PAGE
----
[Web-SIG] and now for something completely different!

Phillip J. Eby pje at telecommunity.com
Thu Aug 18 03:32:45 CEST 2005

At 06:08 PM 8/17/2005 -0700, Shannon -jj Behrens wrote:
>I checked with a bunch of "really smart people" who are familiar with
>a variety of Web technologies.  I was worried that this idea "sessions
>are considered evil" was widespread, and I didn't know about it.

Sadly, it's not widespread, any more than RESTful applications are, or 
object-publishing, or any of the other "the way the web was won" approaches 
to web applications.  In the Java world, for example, it's just assumed 
that you have to apply tons of resources and trickery to scale your 
sessions, because that's just How Things Are.

The reason it's How Things Are in Java-land is because Java made sessions 
part of their servlet and other specs right from the start -- a serious 
error that I was hoping we could avoid in Python-land.  At least PHP gives 
you session management hooks that make it easy to put session data in the 
application database!

It is, however, becoming gradually known in Java-land that the "physical 
three-tier model" is insane, and IMO that model is fairly closely related 
to the idea that you should store sessions in the web tier.  I'd guess it's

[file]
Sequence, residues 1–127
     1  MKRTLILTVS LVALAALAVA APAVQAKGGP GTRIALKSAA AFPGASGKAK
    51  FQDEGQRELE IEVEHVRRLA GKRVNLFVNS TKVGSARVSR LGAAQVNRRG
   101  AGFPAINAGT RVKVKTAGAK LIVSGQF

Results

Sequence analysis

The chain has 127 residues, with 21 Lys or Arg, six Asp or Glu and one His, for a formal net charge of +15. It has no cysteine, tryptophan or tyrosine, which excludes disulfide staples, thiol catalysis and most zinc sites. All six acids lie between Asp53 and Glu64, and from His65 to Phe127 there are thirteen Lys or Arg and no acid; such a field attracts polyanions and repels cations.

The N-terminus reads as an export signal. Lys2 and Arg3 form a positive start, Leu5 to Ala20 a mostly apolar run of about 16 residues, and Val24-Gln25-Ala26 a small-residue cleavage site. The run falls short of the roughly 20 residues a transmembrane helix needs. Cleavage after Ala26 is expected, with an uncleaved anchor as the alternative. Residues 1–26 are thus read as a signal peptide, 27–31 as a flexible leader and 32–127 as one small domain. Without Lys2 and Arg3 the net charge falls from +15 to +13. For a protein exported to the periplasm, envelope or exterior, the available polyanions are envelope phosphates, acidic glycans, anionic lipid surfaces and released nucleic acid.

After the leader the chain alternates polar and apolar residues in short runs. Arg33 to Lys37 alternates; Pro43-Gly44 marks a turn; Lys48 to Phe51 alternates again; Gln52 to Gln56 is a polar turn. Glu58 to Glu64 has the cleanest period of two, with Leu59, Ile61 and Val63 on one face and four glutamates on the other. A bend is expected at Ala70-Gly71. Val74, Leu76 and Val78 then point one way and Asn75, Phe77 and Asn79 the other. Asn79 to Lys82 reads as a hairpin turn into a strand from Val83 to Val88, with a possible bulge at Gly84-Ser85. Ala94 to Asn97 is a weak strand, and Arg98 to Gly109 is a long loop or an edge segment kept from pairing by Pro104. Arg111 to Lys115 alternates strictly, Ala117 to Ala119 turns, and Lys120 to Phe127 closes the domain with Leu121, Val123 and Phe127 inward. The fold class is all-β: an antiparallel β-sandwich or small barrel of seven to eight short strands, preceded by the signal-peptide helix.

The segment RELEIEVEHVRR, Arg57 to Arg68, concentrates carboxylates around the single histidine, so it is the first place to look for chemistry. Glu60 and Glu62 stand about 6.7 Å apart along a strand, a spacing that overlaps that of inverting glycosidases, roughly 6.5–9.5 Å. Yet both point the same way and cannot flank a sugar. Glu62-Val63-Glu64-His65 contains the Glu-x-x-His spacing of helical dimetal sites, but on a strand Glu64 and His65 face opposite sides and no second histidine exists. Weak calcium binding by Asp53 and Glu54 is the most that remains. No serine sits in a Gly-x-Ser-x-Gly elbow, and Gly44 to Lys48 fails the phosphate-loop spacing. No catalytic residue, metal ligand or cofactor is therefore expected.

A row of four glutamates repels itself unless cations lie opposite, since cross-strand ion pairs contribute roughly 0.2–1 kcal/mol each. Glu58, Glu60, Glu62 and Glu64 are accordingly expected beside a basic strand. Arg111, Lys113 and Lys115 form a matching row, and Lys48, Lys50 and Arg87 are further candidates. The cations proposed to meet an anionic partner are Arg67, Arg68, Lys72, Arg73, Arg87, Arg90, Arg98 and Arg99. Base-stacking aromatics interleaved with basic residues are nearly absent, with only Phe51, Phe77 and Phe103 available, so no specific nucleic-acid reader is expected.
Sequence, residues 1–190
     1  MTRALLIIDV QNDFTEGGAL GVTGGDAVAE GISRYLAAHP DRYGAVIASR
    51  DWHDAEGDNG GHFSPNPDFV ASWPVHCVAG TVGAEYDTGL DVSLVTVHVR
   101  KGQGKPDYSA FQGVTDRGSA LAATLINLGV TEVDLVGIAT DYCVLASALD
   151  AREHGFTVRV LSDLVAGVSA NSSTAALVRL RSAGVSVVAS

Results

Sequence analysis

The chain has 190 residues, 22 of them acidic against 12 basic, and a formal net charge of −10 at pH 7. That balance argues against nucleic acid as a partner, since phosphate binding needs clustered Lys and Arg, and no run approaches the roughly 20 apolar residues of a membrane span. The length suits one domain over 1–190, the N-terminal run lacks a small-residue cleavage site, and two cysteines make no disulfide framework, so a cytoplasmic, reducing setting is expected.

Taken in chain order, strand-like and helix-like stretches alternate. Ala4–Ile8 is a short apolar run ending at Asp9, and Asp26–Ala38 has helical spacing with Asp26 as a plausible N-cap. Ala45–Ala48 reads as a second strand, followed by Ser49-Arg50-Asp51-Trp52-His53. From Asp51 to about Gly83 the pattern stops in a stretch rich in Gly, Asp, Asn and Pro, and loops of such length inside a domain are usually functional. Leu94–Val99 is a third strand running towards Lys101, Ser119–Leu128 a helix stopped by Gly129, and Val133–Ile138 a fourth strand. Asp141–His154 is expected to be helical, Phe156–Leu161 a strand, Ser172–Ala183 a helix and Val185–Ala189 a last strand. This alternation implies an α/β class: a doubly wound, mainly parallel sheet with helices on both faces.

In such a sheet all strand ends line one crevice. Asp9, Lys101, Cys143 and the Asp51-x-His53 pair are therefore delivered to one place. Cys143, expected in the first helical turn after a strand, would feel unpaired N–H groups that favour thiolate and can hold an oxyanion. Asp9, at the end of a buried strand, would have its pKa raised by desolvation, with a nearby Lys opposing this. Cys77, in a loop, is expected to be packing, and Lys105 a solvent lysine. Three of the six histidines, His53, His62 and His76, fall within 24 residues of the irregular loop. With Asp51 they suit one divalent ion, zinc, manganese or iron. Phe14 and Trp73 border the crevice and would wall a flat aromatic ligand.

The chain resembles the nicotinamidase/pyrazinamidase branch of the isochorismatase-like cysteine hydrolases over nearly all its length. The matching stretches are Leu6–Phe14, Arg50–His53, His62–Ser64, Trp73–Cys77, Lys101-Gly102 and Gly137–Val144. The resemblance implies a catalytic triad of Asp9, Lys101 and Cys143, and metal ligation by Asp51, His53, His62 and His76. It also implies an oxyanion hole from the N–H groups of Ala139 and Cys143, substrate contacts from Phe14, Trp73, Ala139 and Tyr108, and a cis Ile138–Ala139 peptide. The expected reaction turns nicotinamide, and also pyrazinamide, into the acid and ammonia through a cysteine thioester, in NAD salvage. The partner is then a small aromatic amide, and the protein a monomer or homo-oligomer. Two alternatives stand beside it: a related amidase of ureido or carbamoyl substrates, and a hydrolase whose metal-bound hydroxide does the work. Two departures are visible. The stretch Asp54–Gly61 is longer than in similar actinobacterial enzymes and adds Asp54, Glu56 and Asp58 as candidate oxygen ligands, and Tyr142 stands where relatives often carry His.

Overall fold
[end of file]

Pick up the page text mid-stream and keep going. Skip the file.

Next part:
going to be a couple more years before "web tier sessions considered 
harmful" is known by any but the most cynical
veterans of building high-volume, database-intensive applications, though.

To be precise, what I object to are:

1. Web-tier sessions that store application data in a different database 
that may or may not be backed up, and may or may not even be a "decent" 

2. "bag of data" sessions that encourage people to throw arbitrary objects 
in there without thinking about what the information's real lifetime 
is.  (If it's a preference, you want it to either persist on the client or 
the server, permanently.  If it's credentials, you want it to time out on 
the client.  If it's application state, you really need it in your database 
for integrity/synchronization reasons.  If it's transient state like a 
status message, it doesn't belong in the DB, it belongs on the client.  And 
so on.)

So, given these principles, I don't see much need for a session manager 
besides client-state management, and a good O-R mapper.  If you have those, 
then the rest is trivial.

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